``Any education program that can be utilized as a resource by local, state and federal law enforcement agencies has got to be a good thing,'' Schwein said.
Already, Williams has fielded dozens of calls from law enforcement officials excited about the research site, including a trainer who teaches search dogs for nearby Macon County and has put in a plug for training cadaver-finding bloodhounds at the site.
The planned Western Carolina facility is 120 miles southeast of the only other such research site in the country, at the University of Tennessee in Knoxville. Professor William M. Bass III founded his ``Anthropology Research Facility'' in 1980 and saw it become a sensation after it was featured as ``the body farm'' in a Patricia Cornwell novel.
Bass went on to co-author a 2003 book, ``Death's Acre: Inside the Legendary Forensic Lab 'The Body Farm,' Where the Dead Do Tell Tales.''
Western Carolina Chancellor John Bardo, who hired Williams from the University of North Dakota in 2003, has been supportive of Williams' effort to build a Top 10 forensic anthropology program at the school.
Among the ways Williams hopes to set his facility apart from Tennessee's is by coming up with a moniker other than ``body farm,'' which he finds both inaccurate and too flippant.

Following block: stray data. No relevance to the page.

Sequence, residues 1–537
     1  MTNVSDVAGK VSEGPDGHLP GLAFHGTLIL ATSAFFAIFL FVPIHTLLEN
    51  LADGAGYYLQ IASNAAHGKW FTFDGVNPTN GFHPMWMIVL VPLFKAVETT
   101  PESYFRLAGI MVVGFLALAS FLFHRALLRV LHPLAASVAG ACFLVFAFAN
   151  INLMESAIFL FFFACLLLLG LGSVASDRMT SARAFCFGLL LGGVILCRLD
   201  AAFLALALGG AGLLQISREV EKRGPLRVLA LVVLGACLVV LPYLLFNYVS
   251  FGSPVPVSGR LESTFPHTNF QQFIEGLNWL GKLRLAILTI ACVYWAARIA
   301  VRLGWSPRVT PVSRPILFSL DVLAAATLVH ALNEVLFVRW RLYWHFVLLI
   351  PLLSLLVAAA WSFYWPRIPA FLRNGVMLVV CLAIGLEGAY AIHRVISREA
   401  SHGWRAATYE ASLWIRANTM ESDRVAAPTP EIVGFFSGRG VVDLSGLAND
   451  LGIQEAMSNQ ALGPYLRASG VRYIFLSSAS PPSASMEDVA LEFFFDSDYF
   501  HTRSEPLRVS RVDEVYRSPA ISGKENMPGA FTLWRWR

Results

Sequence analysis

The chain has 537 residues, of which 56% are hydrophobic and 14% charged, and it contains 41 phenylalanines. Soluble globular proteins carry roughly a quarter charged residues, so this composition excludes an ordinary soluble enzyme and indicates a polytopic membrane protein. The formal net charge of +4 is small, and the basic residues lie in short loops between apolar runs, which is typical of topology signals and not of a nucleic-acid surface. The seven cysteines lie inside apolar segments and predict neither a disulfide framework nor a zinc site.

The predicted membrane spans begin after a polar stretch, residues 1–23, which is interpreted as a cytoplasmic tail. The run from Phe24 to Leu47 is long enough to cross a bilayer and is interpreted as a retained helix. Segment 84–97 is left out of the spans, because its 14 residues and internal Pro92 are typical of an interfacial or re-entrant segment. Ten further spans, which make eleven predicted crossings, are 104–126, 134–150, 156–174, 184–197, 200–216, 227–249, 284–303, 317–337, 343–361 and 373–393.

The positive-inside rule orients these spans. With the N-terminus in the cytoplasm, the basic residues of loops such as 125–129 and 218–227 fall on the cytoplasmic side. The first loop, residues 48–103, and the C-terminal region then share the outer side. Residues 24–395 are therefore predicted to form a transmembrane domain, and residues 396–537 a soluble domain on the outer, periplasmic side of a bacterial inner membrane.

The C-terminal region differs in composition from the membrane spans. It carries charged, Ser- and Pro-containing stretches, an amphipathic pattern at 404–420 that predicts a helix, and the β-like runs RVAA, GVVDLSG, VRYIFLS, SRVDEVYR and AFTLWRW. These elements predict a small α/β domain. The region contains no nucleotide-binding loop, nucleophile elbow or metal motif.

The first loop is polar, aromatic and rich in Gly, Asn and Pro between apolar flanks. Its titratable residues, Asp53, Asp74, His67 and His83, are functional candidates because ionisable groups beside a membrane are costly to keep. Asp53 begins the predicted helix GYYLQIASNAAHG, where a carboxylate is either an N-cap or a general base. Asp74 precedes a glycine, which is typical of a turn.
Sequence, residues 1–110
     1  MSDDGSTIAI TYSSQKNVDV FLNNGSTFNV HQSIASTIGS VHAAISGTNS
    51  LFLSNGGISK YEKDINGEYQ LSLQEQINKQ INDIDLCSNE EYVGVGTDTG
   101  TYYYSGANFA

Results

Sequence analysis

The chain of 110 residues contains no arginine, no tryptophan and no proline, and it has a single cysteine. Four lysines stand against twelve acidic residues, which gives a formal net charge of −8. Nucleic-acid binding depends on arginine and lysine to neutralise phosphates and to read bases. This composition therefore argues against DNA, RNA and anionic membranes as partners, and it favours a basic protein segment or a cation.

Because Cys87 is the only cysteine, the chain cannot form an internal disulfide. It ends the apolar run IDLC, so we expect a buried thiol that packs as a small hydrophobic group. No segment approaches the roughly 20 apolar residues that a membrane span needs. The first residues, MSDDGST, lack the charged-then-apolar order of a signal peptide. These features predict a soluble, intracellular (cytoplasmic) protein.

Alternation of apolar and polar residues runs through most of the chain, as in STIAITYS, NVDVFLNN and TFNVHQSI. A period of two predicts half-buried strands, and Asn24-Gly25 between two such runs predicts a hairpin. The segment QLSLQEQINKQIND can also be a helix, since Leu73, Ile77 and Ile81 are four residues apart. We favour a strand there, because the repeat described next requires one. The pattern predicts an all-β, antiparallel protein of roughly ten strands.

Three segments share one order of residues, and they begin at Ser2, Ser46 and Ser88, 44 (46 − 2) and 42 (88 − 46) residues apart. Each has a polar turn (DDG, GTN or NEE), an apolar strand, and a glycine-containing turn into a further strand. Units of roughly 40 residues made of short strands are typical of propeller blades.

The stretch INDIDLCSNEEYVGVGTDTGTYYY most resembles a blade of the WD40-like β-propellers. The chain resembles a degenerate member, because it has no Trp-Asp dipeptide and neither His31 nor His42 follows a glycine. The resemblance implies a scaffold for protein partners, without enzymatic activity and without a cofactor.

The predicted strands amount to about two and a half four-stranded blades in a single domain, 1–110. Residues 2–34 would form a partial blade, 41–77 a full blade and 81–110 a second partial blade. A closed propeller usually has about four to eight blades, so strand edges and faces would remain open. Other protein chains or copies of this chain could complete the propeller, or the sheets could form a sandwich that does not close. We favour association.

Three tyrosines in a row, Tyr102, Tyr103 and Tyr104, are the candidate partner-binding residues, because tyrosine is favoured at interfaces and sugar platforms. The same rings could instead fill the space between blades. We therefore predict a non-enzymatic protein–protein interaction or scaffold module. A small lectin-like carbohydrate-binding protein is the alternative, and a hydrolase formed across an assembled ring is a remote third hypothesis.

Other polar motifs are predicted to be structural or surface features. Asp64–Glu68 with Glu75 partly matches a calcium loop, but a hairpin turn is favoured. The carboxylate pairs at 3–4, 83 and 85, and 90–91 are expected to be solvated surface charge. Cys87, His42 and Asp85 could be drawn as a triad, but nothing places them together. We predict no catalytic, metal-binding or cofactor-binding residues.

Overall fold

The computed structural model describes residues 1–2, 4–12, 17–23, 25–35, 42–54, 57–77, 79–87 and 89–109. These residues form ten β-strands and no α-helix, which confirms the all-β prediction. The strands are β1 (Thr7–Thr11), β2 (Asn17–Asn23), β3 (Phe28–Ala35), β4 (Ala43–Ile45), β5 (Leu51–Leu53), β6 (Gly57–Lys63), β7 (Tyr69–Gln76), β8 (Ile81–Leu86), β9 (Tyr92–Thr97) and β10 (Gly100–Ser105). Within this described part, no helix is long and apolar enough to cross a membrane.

``I'd rather have something more dignified,'' he said.
That's in keeping with Williams' requirement that students working in his lab always refer to remains by the first name of the person from whom they came.
As an example, Williams holds up a leg bone from a man named Walter, a diabetic who had one leg amputated at the knee. The femur is from Walter's other leg, which he broke and doctors had to repair with the metal plate.
``We use their real names to remind people that these are real people,'' Williams said.
But Williams does have a sense of humor about his profession. The screen saver on the lab's computer scrolls a famous line from the film ``The Sixth Sense'' _ ``I see dead people'' _ while decorations include a bumper sticker that reads ``I Sucked Bones at Fat Buddies,'' a local restaurant.
More than anything, Williams said, the new Western Carolina facility will help students learn whether they literally have the stomach for a field that many choose based on having watched the popular ``CSI'' television shows.
``'CSI' paints this picture of this sterile, perfect world, where there are no, for example, smells, and even the sights TV flattens out,'' Williams said. ``One of the first thing I want our students to be exposed to is the real thing, so that they don't spend a portion of their life learning this and then go on their first case and ... realize, 'I can't handle this.'''
On the Net:
Western Carolina Anthropology and Sociology Department: http://www.wcu.edu/as/anthro_soc/
University of Tennessee Forensic Anthropology Center: http://web.utk.edu/anthrop/FACresources.html